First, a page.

Forgive us our trespasses

Soon after setting out on a well-beaten path through the woods the other day, I noticed an orange sign nailed to a tree.

I turned to the woman leading our hike.

“So … are we trespassing?” It was kind of a moot question since the sign I spotted clearly read PRIVATE PROPERTY.

“Umm,” she replied, pausing briefly, “yes.”

“Well!” I responded, quickly reversing direction. “I certainly have no intention of breaking the law. What’s more, I’m shocked, and frankly a little disappointed, that you would encourage such willful, criminal behavior.”

OK, I didn’t utter those exact words, nor did I self-righteously march off in a huff.

Truth is, when faced with obstacles on authorized trails — or sometimes simply piqued by curiosity — I’ve occasionally been known to stray.

It’s sort of like the philosophical query about whether a tree falling in a forest makes a sound if no one is around to hear it. Using that reasoning, you could just as well ask: If you cut through private property and nobody catches you, are you still trespassing?

That is not to say I would break down a homeowner’s picket fence and trample his begonias, nor would I deliberately intrude in any area that warned of armed security guards or roaming Rottweilers. As my father used to say, I may be crazy, but I’m not stupid.

The section of private property we were crossing was in fact a heavily used path — someone, most likely a mountain biker, even built a wooden bridge over a stream. This trail led to a public tract featuring mountain laurel, pitch pines, imposing ledges and other appealing natural features. We were merely taking a short cut to a legitimate park that many others had been using for quite some time, based on how well it was maintained.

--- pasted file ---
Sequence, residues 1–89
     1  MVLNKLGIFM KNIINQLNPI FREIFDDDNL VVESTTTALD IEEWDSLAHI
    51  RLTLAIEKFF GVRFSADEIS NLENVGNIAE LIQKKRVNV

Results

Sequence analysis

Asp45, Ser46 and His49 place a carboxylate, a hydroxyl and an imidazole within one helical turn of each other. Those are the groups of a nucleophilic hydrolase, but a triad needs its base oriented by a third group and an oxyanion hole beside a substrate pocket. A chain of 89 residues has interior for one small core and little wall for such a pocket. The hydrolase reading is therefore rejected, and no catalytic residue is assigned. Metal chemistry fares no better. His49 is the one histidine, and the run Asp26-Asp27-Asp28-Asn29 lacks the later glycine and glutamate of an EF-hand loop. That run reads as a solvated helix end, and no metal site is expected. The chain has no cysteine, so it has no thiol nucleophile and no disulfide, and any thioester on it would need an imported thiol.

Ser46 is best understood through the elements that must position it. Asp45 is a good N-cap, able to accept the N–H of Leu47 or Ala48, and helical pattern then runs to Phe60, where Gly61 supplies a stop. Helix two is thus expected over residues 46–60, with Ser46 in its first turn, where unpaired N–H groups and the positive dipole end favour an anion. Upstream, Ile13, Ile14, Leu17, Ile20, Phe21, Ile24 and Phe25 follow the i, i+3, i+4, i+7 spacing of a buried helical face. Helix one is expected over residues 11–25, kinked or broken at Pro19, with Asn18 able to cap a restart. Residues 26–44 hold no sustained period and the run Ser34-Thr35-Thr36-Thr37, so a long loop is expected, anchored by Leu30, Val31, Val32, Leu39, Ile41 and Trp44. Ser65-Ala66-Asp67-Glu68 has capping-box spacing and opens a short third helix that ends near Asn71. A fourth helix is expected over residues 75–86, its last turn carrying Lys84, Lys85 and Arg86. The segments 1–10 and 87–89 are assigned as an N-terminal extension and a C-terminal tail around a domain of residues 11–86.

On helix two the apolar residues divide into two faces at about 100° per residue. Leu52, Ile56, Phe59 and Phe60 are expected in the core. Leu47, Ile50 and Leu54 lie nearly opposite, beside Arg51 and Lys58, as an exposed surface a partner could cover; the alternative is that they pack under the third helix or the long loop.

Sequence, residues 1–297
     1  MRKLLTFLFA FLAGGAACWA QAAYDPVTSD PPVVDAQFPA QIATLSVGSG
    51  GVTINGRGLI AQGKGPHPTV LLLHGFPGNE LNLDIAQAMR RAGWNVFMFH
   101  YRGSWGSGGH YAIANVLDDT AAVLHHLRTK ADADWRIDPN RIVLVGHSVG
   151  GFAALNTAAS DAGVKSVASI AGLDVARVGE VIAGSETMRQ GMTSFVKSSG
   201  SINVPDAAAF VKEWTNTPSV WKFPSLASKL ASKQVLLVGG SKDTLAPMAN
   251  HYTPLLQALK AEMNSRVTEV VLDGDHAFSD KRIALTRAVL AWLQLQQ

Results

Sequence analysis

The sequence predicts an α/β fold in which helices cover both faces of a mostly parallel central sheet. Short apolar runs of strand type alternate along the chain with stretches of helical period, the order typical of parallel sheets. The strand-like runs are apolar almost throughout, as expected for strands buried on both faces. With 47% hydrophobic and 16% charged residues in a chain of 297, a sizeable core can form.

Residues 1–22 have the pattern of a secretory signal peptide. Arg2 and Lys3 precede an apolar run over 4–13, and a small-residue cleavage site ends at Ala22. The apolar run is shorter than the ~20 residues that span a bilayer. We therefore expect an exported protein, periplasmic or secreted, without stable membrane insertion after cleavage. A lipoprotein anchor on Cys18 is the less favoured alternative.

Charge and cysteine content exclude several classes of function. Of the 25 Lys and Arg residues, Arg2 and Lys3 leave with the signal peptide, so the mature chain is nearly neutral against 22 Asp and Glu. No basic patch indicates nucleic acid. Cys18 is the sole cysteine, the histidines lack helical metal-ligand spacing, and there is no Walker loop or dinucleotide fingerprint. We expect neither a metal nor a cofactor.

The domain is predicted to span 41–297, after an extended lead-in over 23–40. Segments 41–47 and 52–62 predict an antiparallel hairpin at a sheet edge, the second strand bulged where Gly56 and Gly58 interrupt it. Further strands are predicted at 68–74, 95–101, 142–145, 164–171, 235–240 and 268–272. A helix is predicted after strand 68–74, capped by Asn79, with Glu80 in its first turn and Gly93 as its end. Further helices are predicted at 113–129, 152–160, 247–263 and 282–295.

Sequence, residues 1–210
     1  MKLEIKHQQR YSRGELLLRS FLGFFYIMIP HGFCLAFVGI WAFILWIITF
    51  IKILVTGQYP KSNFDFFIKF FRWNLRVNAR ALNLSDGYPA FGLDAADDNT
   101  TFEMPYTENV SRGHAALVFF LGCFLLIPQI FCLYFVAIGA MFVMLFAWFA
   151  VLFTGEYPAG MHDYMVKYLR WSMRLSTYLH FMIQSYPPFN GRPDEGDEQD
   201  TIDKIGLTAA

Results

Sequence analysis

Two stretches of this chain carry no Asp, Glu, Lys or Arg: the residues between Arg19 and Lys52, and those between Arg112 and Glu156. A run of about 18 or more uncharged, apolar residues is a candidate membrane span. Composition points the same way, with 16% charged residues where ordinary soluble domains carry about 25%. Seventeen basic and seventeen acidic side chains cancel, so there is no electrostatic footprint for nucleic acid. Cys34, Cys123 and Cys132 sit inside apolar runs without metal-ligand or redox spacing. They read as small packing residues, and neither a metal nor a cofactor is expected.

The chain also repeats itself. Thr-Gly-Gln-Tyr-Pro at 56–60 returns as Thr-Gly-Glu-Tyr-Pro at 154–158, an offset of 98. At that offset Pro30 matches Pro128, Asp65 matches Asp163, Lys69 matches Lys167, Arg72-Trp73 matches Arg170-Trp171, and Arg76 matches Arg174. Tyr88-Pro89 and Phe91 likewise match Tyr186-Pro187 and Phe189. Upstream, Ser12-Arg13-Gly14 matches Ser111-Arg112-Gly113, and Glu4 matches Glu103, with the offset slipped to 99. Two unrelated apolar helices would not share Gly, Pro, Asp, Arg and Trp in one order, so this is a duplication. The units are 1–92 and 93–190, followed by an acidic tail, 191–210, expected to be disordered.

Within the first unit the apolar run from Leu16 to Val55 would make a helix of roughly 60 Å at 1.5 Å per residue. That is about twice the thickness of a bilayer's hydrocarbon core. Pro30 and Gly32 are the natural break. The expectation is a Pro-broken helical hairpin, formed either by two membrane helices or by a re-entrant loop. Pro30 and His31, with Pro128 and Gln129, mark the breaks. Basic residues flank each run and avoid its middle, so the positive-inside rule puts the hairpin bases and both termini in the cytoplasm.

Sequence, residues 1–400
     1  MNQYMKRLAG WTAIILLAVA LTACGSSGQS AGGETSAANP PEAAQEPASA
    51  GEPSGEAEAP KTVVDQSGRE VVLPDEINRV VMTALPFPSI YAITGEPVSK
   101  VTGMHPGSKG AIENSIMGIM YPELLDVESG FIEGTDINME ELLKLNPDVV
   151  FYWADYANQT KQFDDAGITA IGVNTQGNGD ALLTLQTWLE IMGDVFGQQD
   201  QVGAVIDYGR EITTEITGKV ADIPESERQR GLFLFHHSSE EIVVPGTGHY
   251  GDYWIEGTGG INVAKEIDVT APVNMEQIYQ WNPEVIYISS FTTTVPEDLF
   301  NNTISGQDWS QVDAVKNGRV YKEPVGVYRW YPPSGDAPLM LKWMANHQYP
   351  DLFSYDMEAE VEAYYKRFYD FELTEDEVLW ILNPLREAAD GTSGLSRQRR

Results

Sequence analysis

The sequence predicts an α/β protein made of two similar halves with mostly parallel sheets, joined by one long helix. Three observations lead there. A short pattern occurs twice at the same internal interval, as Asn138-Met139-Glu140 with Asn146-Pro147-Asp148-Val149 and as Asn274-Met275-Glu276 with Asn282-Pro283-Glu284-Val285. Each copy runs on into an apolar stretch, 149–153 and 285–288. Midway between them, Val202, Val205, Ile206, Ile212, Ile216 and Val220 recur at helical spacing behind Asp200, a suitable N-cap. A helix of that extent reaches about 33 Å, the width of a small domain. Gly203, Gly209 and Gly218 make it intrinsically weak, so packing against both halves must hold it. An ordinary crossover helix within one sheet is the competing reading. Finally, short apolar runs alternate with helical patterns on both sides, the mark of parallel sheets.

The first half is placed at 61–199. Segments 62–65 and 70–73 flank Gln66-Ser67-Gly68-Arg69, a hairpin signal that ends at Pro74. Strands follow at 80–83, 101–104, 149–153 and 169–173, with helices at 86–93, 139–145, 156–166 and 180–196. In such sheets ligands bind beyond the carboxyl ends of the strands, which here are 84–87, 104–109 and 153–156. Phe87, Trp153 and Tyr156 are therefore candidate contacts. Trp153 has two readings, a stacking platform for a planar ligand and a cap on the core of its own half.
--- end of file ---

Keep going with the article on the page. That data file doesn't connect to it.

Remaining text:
I’m not going to identify the land here because I don’t want to trigger more aggressive anti-trespassing measures.

Look, it’s not as if we were dangerous felons trying, say, to sneak across the border, nor were we escaped prisoners on the run. We were just some friends out for a morning hike.

As it turned out, the place we really wanted to see had been blocked by unusually high water.

Only two of the four people in our group were wearing waterproof boots, so we devised a plan in which the man with the largest feet would wade through the flooded section in his oversized boots, accompanied by the woman in her normal-sized boots.

After reaching dry land in 50 yards or so, the guy would take off his boots and wait while the woman carried them back across the wet section. Then one of the remaining hikers would don the big boots, wade across, and take them off so the woman could deliver them to the last hiker. Simple!

It was a wonderful plan that would have worked perfectly if the water hadn’t been so blasted deep.

Long story short: The woman’s feet instantly got soaked when she sank in icy water almost to her knees. She pulled off the sodden boots and returned them to the guy with big feet. The two of them squished the rest of the hike.

I’m happy to report that the other hiker and I kept dry feet. We appreciated their efforts and thanked them profusely for trying to accommodate us. Too bad about the deep water, but, hey, those things happen.

Anyway, we all decided to try to reach the site again in dryer conditions, or at least in warmer weather. I’ll keep you posted.

 

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